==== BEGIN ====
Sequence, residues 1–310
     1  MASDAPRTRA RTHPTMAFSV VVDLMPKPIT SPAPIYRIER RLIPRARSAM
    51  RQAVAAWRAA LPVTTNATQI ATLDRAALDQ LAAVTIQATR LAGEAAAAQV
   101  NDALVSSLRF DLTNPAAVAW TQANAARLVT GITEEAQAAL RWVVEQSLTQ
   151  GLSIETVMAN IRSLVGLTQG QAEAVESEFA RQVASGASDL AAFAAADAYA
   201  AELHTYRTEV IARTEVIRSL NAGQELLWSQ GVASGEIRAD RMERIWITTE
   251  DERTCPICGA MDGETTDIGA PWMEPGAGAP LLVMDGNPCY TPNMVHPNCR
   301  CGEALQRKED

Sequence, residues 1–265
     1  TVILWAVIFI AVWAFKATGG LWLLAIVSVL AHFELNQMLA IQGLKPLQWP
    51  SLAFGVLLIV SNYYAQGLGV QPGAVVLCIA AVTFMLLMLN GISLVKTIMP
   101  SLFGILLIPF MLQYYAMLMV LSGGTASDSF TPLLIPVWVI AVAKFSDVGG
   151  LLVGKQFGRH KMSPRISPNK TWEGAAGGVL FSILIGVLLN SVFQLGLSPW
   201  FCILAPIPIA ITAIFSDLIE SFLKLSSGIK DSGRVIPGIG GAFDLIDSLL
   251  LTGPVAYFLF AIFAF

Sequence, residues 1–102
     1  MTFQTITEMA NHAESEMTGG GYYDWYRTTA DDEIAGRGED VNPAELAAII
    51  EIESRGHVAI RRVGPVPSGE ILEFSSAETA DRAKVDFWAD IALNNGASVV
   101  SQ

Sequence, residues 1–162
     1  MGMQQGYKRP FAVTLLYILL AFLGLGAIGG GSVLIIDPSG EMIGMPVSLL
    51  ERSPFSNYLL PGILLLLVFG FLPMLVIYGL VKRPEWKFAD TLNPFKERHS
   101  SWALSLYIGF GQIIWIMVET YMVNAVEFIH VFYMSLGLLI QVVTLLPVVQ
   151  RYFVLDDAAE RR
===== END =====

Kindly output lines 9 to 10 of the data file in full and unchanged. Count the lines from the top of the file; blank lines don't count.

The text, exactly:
Sequence, residues 1–265
     1  TVILWAVIFI AVWAFKATGG LWLLAIVSVL AHFELNQMLA IQGLKPLQWP